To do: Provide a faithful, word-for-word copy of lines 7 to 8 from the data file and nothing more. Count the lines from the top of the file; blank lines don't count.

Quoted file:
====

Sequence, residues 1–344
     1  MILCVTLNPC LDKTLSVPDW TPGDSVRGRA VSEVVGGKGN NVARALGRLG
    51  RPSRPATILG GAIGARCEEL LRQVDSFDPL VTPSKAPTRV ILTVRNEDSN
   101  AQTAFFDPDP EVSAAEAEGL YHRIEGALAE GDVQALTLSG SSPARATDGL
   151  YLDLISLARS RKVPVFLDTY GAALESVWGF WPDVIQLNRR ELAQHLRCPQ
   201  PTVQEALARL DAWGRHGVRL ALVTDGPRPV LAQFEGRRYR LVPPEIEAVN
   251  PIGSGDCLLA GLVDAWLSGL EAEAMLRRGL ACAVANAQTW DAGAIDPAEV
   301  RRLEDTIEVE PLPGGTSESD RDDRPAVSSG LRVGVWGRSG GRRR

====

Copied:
   251  PIGSGDCLLA GLVDAWLSGL EAEAMLRRGL ACAVANAQTW DAGAIDPAEV
   301  RRLEDTIEVE PLPGGTSESD RDDRPAVSSG LRVGVWGRSG GRRR